In Revelation 21: 1-8, John writes about a coming New World. Dr. Diana Butler Bass writes about this passage in her book Grounded. She argues that “the book of Revelation is not a heavenly escape story. Instead, it tells the opposite tale. We do not go to heaven. Heaven comes to us. The end of history is not destruction; rather, its end is sacred restoration.” It is not a story about the end, but it is a story about the beginning and the newness that comes with it. The Asbury Commentary on this particular passage states that this “section throbs with the theme of newness…John envisions a new heaven, a new earth, and a New Jerusalem. God announces a new existence free from tears, death, mourning, crying, and pain because the old order of things has passed away.”
For John, God makes everything new. John draws his inspiration here from the prophet Isaiah. In fact, Isaiah speaks for God in 43:19, where God says to the People Israel, “See, I am doing a new thing!” In fact, according to the commentators in The Asbury Commentary “John draws upon Isa 40-66 at least five times in these verses. As Isaiah promised a new creation and restoration of Israel after the judgment of the Babylonian exile, John speaks of a new creation for the church after the final judgment.”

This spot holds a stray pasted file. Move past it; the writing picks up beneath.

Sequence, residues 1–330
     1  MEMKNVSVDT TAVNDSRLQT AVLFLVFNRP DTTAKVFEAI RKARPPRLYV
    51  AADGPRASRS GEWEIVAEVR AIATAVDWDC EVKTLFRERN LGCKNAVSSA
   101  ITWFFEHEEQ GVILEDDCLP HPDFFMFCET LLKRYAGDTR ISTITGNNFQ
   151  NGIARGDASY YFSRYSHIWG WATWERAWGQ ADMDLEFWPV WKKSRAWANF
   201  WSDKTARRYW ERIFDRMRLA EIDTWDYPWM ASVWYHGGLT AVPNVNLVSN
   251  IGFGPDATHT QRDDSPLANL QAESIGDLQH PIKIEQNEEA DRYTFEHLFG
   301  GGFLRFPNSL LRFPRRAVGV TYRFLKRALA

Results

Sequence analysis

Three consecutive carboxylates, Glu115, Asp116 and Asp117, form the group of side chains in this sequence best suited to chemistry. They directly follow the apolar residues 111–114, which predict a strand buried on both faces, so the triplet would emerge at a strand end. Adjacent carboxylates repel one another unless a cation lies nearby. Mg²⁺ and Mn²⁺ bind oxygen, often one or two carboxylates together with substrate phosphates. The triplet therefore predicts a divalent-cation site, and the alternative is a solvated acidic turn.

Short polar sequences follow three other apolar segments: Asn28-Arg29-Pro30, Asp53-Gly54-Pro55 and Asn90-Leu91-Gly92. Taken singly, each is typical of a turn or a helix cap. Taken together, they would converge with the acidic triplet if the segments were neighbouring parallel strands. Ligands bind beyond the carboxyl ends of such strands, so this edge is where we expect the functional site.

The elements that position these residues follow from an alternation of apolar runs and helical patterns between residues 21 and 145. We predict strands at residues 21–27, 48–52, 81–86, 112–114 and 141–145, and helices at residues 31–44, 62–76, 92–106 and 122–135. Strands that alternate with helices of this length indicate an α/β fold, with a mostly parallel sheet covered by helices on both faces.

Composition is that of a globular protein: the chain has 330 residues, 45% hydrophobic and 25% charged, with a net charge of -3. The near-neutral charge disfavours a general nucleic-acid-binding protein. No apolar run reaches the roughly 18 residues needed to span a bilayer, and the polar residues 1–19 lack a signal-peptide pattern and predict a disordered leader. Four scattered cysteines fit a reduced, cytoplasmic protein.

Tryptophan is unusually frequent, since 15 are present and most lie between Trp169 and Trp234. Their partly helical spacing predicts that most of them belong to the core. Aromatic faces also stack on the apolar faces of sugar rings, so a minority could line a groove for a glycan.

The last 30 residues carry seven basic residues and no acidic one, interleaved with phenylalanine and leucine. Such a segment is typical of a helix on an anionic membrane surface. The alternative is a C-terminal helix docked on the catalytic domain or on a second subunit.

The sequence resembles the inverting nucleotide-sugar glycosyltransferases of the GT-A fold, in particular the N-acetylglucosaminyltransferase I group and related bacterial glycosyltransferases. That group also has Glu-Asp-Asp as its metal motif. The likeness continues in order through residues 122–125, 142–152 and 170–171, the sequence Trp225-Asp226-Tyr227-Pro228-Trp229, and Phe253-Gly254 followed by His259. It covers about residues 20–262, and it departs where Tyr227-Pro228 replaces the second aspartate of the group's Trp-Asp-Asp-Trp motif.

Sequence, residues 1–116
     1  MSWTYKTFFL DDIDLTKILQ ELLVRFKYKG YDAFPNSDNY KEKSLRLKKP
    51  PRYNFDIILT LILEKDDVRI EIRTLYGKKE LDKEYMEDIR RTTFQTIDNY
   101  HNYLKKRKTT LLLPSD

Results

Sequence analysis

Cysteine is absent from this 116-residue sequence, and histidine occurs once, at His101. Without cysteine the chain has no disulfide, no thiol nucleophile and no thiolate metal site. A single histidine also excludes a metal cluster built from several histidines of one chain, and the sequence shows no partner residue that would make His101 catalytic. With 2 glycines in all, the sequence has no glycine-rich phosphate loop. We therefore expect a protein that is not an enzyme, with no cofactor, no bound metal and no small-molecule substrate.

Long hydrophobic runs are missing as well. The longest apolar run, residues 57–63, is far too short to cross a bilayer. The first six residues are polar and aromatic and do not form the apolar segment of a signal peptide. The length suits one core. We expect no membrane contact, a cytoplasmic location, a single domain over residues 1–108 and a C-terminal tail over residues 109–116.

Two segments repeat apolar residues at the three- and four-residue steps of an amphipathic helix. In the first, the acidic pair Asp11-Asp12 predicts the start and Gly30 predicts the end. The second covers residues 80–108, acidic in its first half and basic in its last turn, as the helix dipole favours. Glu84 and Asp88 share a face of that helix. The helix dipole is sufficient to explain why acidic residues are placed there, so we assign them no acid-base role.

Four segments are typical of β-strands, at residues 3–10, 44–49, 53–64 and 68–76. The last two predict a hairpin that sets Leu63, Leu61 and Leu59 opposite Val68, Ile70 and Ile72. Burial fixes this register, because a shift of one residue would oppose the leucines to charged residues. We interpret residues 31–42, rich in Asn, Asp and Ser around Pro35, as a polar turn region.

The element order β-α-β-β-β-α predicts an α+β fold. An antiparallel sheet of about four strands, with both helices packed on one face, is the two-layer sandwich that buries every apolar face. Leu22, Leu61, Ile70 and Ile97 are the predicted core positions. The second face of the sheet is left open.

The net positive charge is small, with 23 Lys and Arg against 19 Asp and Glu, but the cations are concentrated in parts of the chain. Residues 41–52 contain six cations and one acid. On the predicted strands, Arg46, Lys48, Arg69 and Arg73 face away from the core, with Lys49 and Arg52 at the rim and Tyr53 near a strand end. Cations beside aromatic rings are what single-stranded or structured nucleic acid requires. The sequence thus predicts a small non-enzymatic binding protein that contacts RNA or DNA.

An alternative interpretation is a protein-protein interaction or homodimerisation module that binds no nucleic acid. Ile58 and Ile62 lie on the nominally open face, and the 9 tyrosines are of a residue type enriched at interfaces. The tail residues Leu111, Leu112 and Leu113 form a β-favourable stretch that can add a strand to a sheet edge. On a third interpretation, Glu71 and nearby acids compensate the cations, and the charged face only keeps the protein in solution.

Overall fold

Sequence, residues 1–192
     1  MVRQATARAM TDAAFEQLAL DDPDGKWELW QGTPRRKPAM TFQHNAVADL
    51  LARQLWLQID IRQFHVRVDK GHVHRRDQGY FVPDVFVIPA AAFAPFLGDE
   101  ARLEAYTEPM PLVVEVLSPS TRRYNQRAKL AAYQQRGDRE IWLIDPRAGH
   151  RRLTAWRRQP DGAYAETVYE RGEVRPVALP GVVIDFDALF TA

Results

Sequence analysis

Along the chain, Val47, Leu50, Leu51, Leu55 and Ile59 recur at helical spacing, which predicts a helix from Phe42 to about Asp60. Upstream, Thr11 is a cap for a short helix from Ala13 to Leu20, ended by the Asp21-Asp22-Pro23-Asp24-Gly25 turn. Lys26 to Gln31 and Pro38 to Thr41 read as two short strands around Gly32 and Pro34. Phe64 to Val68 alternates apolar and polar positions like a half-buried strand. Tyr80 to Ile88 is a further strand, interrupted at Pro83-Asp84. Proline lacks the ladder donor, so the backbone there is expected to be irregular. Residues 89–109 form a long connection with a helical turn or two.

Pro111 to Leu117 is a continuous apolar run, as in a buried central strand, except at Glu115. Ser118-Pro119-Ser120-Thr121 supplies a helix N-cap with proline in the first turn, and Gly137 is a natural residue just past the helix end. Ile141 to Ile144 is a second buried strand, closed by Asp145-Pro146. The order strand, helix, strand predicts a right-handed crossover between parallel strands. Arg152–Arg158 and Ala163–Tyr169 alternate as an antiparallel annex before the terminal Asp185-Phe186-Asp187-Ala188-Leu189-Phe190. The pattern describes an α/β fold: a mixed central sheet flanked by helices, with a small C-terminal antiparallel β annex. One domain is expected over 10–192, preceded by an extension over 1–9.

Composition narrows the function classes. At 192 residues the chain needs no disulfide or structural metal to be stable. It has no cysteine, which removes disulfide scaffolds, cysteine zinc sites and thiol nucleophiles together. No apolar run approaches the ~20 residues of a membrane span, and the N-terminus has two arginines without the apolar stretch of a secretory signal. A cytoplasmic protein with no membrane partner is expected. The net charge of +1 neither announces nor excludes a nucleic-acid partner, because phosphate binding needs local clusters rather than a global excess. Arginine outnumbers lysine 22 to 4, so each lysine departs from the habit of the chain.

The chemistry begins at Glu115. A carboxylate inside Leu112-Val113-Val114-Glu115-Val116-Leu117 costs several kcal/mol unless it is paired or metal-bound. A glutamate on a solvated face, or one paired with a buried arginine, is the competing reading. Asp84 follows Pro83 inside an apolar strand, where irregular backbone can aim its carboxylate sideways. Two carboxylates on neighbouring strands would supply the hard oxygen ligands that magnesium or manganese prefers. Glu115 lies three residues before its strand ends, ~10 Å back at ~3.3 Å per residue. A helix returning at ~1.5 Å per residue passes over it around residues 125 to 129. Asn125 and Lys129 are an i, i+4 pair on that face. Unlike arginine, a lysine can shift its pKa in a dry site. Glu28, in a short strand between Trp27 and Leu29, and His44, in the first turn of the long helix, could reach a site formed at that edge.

The New Year is a time to think about new things. God calls us to consider ways of breaking out of our traditional boxes to explore new ways of understanding and communicating with God. Just as God announced in Isaiah about “doing a new thing,” we need to consider ways of breaking old, worn out habits and doing something new. This process can be challenging for us because old habits can be comforting, but comfort is not necessarily what God wants us to pursue.
Shortly after Isaiah speaks to Israel about comfort in Chapter 40, he reminds the people that “All flesh is grass, and all its beauty is like the flower of the field. The grass withers, the flower fades when the breath of the Lord blows on it; surely the people are grass. The grass withers, the flower fades, but the word of our God will stand forever.”
Our comfort is not the overarching purpose of these passages. Rather, God is calling us to recognize that our time is short and new visions often come that must be acted out. These new visions will come in the appointed time. They will come from God. They will refresh us with their power and newness. But they also may be uncomfortable and may challenge us to step out of our comfort zones.
As the prophet Habakkuk reminds us, “…the vision is yet for an appointed time, but at the end it shall speak, and not lie: though it tarry, wait for it; because it will surely come, it will not tarry.”